Eco-entrepreneurs larry-from-coconut-bliss-harvesting

Published on August 7th, 2008 | by Paul Smith

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A Truly Sustainable Alternative to Dairy Based Ice Cream

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This is a story that will likely make you hungry, inspired, and hopefully thinking a little broader than you started. This is a story of passion and mystery, with a twist at the end. This is about an ice cream that uses no dairy, yet tastes as good as, if not better than its milk based counterparts. And you won’t want to choose it because you can’t have dairy, you’ll just like it because it’s good. Or so that’s what the folks behind Coconut Bliss are aiming for. Now I know, you’re saying, coconut based, that sounds (insert gushing or repulsed adjectives here)

Hang on.

Coconut Bliss makes all the standard flavors you’d expect and far beyond, from Vanilla Island to Chocolate Hazelnut Fudge, with some Strawberry Lemon Love thrown in for good measure. The flavor, when it hits your tongue, is distinctly focused on the flavor at hand. Coconut sits very much in the background, nearly undetected. It’s more the messenger rather than the flag bearer. They use very clean ingredients, all organic, and skip insulin spiking sugar for its more even keeled cousin, agave nectar.

Larry from Coconut Bliss tries his hand at harvestingIn conversation with Larry Kaplowitz from Coconut Bliss however, coconut was front and center. It was simply what they chose to use to make ice cream for themselves, while living and working at the Lost Valley Educational Center. But why coconut? For them, it was a matter of both taste and ethics. Sure, there are plenty of soy and rice based options out there, but they didn’t meet the same taste standard for them as dairy based. Coconut milk, found at many local stores, seemed to meet that, giving great taste and feel without sacrifice.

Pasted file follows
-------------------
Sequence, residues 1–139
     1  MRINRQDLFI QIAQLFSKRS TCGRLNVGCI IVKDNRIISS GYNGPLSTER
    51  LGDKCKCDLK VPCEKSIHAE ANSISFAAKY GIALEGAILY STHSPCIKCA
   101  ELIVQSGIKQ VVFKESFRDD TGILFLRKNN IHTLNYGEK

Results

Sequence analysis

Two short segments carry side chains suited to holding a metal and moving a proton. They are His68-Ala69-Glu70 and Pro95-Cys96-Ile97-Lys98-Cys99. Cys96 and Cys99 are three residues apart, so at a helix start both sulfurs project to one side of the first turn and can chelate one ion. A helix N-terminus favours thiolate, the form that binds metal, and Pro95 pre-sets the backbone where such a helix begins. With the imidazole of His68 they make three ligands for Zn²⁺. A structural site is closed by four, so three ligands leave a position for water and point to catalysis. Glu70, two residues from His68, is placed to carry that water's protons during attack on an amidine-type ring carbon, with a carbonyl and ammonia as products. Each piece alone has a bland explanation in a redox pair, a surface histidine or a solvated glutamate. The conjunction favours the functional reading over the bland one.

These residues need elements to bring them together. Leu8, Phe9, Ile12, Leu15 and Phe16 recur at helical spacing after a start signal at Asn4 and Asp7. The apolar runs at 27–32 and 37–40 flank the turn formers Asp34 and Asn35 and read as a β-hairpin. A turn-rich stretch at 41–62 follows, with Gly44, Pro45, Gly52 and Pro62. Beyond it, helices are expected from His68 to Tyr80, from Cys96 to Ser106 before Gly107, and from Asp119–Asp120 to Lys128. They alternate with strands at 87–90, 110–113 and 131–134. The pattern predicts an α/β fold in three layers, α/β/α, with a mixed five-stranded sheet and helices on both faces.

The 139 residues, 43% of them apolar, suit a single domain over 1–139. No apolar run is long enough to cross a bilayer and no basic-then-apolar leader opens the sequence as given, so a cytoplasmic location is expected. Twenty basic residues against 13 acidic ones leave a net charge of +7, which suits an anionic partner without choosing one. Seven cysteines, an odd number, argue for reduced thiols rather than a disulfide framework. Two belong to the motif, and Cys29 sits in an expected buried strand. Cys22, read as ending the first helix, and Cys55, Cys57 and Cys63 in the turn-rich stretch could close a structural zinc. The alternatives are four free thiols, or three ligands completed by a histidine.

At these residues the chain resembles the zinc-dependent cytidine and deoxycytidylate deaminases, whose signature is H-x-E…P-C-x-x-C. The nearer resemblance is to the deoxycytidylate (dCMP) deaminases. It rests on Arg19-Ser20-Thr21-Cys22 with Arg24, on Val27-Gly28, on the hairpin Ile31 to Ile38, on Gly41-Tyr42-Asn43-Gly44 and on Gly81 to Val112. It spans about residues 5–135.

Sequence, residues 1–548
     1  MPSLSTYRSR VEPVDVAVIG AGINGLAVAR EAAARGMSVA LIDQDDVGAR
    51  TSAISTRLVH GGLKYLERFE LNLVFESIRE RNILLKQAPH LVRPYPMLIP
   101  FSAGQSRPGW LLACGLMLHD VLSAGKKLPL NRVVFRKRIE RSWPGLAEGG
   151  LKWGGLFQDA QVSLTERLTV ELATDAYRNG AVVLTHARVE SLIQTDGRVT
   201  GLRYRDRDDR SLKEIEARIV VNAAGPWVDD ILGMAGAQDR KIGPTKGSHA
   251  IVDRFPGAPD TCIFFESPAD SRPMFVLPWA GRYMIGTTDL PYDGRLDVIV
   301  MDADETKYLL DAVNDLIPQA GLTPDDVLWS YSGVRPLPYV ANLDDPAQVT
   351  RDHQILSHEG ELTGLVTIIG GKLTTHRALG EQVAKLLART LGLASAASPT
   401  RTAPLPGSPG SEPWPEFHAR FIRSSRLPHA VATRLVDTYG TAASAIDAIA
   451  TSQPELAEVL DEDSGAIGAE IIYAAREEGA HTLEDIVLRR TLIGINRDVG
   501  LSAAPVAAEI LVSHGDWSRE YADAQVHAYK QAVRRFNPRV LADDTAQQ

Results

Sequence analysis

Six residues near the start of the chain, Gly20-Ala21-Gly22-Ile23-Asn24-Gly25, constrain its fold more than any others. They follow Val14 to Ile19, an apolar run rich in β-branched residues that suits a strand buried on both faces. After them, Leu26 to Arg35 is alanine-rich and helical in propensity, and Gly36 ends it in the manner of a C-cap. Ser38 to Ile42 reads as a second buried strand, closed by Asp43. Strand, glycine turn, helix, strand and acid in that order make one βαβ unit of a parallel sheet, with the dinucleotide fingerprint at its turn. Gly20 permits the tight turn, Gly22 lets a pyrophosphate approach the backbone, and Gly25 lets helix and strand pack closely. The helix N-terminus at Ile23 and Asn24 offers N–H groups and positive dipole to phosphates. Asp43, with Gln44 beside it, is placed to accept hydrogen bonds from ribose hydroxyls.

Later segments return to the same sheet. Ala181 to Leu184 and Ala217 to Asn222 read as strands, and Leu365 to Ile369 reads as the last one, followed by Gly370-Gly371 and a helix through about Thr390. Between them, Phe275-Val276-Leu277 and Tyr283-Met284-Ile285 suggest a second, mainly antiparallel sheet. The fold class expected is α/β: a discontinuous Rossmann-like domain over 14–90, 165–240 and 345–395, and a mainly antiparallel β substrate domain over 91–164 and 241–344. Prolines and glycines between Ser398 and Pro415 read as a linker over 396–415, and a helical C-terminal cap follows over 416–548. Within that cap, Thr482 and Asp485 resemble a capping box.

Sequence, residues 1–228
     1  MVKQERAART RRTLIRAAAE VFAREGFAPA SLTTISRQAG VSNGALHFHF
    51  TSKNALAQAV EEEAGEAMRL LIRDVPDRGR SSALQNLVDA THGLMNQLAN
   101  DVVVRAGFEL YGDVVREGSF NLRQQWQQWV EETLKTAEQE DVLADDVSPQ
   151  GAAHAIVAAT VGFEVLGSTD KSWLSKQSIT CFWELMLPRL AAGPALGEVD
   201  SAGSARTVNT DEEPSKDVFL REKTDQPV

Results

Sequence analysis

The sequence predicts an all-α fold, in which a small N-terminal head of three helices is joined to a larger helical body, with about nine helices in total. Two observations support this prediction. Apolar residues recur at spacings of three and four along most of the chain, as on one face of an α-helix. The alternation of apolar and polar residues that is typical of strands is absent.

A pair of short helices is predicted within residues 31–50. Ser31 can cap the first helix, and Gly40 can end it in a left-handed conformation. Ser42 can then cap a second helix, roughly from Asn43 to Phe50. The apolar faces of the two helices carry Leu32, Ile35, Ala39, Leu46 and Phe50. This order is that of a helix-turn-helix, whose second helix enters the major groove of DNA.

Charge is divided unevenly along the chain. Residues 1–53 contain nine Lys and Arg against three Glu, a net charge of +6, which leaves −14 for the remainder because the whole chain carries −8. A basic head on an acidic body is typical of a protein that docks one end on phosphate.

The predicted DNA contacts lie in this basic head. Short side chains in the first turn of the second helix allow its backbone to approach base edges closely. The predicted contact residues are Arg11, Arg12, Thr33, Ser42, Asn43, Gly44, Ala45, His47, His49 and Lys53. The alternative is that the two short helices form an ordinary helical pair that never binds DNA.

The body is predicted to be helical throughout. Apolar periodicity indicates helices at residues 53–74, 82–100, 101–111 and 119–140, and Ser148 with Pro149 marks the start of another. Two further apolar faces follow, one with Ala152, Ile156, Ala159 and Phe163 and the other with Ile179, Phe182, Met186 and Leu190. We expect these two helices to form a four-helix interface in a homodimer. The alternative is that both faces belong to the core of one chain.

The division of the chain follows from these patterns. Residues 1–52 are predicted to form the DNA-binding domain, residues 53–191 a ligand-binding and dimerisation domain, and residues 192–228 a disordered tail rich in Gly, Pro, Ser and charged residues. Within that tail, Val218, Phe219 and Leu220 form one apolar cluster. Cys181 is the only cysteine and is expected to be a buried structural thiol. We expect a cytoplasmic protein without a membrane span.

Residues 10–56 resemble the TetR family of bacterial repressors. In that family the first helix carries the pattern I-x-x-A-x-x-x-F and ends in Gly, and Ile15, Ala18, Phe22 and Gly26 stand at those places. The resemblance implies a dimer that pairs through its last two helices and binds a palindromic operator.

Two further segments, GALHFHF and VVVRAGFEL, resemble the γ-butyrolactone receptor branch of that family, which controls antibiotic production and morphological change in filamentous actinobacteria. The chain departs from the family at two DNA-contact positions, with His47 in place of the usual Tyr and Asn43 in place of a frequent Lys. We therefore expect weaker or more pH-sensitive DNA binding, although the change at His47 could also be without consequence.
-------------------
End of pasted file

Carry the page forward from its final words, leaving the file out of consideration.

Then something happened.

In the mold of Clif Bar, Ben & Jerry’s and other foodpreneurs, their friends went crazy for it, encouraging them to make more and sell it at stores. But where to find enough coconut milk? Ah, therein lies the mystery. Apparently it is a tightly guarded secret. Their favorite, from lots of taste testing, was that from Thailand. Three brands, all with the same taste. Same supplier? Nobody was saying. So they just bought can after small can of coconut milk, at one point using 2500 a day. And a really sturdy can opener. No joke!

Then one day, there was a peek behind the curtain. An employee saw, on a Alibaba a global supplier marketplace, the possible name behind the goods. After a lot of courting and an eventual visit in Thailand, Coconut Bliss had their direct source. No, they aren’t telling who it is either.

So they were in business, starting in Eugene, Oregon which according to Kaplowitz is a very fertile ground for new natural foods companies to start. Why? They have 7 independent natural foods stores, as compared to 3 in Portland, 2 in Seattle. And there’s the Williamette Sustainable Valley Foods Alliance, which is a powerful collective supporter and resource for fostering and growing such businesses.

Great. But my question to them was, what about the eco impact of shipping coconut milk from 9000 miles away versus using local dairy?

Larry was well prepared for this, telling me things about cows beyond what I knew about (large land use needs, methane emissions, etc) For example, cows drink an average 50 gallons a day. And he also opened my mind to the concept of biologically appropriate vs. a strictly local focus.

An example would be English beef. It’s a place where they have relatively limited land available, and must import the grain used to feed them. This, versus somewhere like New Zealand, which by it’s coastal focused population density and abundance of grass and grains naturally has all that’s needed to raise cows with ease, with much less resource intensity. Which is better, in this case? Local should of course be the first consideration in food choices, but then there’s considering the surrounding factors that contribute to it’s impact (or lack of it) as well.